The above American Crow (Corvus brachyrhynchos) was standing behind a short wall with snow on top — and he had a backdrop of snow which created the effect of this portrait.
Crow flying against a background of snow-covered trees — and kicking snow off her feet as she takes off.
This pair of crows was sitting on a snowy branch above me. They were mumbling things to each other, the way crows do and taking turns preening each other. The image, to me, had the appearance of a secret being told, one crow to another.
I love seeing birds in their ostensibly private moments — the ones which show their personality and uniqueness. This photo was tricky to post-process since it was a bit under-exposed when I shot the black birds against the white winter sky. I spot-metered on the crows and shot in RAW, but still didn’t have a lot of room to bring up shadows without creating extra noise. To me, it’s simply the documentation of a lovely moment, something at which a camera excels in any form.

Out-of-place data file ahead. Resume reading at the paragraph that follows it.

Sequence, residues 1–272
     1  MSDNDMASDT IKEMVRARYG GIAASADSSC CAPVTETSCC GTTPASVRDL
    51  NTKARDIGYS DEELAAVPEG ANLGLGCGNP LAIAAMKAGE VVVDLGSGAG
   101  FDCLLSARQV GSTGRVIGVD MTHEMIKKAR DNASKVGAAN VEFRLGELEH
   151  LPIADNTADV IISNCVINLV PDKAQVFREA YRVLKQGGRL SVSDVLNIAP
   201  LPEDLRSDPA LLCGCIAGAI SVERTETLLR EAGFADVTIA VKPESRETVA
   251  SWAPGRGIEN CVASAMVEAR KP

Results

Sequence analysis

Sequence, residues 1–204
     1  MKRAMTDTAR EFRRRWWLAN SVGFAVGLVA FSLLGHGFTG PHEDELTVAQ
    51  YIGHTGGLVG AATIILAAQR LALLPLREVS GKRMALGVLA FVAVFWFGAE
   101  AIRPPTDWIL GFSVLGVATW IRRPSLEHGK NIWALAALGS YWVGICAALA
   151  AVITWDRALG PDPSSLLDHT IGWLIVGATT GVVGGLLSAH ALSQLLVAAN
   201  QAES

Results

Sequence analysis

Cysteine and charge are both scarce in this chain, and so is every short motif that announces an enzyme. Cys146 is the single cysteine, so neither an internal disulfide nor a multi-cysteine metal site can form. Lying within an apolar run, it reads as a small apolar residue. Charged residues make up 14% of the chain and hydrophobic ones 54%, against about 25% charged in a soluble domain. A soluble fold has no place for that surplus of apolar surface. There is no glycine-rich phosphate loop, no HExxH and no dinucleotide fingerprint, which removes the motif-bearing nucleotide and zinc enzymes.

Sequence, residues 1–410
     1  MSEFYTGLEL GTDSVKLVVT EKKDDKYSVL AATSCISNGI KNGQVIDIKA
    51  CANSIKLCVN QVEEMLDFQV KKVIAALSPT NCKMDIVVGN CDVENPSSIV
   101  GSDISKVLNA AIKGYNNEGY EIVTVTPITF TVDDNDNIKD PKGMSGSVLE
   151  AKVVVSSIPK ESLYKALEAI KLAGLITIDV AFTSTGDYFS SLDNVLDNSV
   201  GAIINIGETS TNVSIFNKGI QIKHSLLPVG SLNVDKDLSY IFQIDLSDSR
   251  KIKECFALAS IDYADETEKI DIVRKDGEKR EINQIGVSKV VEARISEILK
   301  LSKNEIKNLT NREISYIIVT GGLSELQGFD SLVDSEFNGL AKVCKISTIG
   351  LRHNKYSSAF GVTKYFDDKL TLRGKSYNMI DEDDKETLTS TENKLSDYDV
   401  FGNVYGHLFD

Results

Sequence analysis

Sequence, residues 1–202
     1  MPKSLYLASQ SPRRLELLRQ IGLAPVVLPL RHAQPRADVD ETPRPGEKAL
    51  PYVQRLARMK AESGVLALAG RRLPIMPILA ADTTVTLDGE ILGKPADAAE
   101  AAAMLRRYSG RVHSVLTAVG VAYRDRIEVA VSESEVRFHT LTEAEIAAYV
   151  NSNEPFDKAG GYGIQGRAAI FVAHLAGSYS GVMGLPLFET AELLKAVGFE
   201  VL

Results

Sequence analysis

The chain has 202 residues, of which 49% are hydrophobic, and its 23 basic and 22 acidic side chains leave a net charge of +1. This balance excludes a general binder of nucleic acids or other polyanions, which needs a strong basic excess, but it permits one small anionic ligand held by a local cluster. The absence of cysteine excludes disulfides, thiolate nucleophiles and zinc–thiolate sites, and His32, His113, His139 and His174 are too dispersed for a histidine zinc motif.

Somewhere, I have a photo from this winter, of an American Crow building up a snow layer on his plumage like a little charcoal snowman. If I find it, I’ll post it. I enjoy watching the crows forage through the snow, collecting snowflakes on their beaks as they root around for sustenance beneath the frozen layers.
This crow was taking five from the hard work of breaking open mussels. At the local beach where I’ve been photographing each week, low tide draws crows en masse. They scrape shellfish off rocks and perform the same aerobatic maneuvers as gulls — hovering and dropping their catch on rocks below to bust open the shells. The photo was taken just steps from the tidelands as this crow finished eating his mussel and rested on the snowy timber.
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